If your starting out your journey to becoming a therapist, it’s inevitable that you will planning to undertake some training. There are a plethora of therapy courses out there and knowing which ones you should take can be a daunting decision.
Depending on what type of therapy you will be practising it may be that you don’t need to have any qualifications to legal practice that activity. As most types of therapy are likely to have their own governing body or association, it is worth checking with your relevant body to see what standards they require you to meet.
Reiki practitioners, for example, don’t necessarily need any formal training to operate. However, attempting to market yourself as a reiki therapist may be a bit tricky if you do not have any educational collateral to your name.
Training courses can be found on a number of online databases. These can be searched by your local area and sometimes by your current skill level. HotCourses and UCAS are just a couple of resources that you can find a training module to suit you.
Generally, the need for specialist therapist qualifications become strengthen when you wish to become a member of a professional body. The UK Reiki Federation are no different in this case.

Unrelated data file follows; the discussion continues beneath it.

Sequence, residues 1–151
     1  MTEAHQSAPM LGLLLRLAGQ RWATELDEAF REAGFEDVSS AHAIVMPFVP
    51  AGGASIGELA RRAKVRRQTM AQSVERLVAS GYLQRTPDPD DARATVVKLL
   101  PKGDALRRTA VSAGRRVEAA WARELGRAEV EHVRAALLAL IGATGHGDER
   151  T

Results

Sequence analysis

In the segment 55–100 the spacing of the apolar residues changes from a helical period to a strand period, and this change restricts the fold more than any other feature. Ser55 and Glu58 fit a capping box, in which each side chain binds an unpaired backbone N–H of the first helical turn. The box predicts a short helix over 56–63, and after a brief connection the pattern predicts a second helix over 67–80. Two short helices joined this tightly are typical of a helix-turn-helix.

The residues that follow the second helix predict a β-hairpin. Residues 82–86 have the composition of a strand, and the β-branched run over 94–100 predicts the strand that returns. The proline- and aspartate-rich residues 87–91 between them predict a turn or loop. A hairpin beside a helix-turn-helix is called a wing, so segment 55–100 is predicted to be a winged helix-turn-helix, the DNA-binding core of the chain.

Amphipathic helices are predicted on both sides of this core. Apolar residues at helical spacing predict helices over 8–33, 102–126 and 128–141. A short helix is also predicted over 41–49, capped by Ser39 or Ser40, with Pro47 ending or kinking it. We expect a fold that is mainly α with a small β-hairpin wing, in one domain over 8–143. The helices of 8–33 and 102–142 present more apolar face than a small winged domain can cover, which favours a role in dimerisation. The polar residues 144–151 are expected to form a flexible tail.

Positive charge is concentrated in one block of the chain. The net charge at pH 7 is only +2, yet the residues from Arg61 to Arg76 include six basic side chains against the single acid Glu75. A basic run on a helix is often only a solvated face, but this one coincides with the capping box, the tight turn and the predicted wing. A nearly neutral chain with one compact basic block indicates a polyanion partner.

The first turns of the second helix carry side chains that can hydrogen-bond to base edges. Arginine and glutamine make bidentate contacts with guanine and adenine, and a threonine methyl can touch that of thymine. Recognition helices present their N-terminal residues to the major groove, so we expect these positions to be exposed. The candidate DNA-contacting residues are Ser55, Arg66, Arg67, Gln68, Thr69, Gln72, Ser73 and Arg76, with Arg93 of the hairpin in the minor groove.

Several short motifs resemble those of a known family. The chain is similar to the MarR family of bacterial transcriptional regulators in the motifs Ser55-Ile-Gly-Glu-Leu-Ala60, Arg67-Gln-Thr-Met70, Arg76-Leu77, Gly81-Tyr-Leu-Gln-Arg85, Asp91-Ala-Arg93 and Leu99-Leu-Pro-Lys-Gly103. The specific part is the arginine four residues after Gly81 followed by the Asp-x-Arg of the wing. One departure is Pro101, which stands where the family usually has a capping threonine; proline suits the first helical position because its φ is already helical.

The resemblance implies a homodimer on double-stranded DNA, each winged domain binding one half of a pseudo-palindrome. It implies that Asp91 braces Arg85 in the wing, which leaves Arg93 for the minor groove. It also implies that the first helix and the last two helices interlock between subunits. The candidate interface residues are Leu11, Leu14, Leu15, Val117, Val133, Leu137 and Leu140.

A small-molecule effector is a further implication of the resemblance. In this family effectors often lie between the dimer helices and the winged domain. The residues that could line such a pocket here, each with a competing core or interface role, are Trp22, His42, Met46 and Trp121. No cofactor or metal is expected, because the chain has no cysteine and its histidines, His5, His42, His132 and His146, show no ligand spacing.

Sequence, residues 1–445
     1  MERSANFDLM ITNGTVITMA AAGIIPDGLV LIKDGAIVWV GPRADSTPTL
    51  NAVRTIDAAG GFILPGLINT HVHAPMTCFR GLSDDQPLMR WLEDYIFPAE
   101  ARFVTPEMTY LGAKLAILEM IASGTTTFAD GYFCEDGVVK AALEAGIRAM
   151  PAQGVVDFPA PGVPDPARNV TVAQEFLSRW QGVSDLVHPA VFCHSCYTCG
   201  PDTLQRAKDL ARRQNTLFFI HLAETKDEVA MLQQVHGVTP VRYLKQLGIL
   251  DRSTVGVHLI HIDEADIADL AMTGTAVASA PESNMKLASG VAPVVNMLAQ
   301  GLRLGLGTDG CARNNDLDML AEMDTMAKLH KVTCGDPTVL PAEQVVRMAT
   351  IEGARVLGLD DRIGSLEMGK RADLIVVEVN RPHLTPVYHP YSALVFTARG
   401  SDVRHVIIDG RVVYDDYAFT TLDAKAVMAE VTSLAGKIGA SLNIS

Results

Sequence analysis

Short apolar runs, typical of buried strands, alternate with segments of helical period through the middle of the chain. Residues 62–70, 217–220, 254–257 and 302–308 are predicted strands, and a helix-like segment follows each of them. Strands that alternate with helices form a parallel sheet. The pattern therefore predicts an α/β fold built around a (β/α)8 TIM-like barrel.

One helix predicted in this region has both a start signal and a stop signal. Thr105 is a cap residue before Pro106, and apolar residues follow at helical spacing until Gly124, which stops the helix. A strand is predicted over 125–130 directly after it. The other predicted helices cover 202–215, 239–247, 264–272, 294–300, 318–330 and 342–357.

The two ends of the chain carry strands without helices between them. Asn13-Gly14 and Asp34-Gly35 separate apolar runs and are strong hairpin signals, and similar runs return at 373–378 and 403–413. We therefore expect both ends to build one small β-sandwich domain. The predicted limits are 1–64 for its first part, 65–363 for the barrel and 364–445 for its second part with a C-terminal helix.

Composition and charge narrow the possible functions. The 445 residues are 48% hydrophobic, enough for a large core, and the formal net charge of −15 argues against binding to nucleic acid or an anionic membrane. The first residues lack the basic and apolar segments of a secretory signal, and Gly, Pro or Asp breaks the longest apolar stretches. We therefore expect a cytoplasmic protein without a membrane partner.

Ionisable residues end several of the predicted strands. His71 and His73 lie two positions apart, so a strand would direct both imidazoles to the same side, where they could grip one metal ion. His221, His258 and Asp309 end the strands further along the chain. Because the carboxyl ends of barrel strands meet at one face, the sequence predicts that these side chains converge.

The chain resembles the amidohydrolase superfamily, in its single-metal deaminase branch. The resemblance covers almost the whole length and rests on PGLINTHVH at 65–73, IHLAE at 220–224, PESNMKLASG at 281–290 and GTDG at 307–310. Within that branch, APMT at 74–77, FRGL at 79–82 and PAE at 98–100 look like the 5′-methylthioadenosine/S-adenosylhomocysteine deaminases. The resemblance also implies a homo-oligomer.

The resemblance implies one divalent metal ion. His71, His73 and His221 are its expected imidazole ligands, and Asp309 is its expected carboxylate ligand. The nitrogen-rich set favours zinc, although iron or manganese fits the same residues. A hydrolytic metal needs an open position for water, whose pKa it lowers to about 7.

Should you wish to join as an ‘Associate’ or ‘Practitioner’ member, you are required to hold a minimum of a Reiki 1 and Reiki 2 certificate respectively.
Similarly to become a ‘Professional’ member of the National Association of Massage Therapists one must hold at a qualification to the level of ITEC Level 3 Massage at the bare minimum.
Perhaps one of the most intensive training processes in the therapy industry is bestowed upon would-be counsellors and psychotherapists. The British Association for Counselling and Psychotherapy (BACP) recommends a three step approach to any training.
Firstly, they recommend taking an introductory course into the subject of counselling and what becoming a therapist is all about. Here you will get an idea about the level of commitment a career in therapy would require.
The BACP then suggests that the next step of counselling training is to seek out a local college, university or adult education centre to learn the required skills to succeed as a counsellor or psychotherapist. These courses will generally give you an understanding of the advice you will be giving, and the theories that surround them.
The third step in the transition to becoming a therapist in the eyes of the BACP and many other organisational bodies is to take an accredited course. This is likely to be at a Bachelors or Masters degree level and will provide you with an in-depth knowledge of the advice and treatment you should be giving. It will flesh out your understanding and leave you in the best place to deliver your therapy treatment of choice.
By having specific therapist qualifications to your name, you improve your chances to succeed two-fold.
Firstly you increase your level of knowledge and skill level in your chosen profession. But secondly, you can also put your customers and clients into a better position where they trust you to deliver the service they require. By improving their trust and satisfaction, you also increase the chance of them referring you to their friends and associates.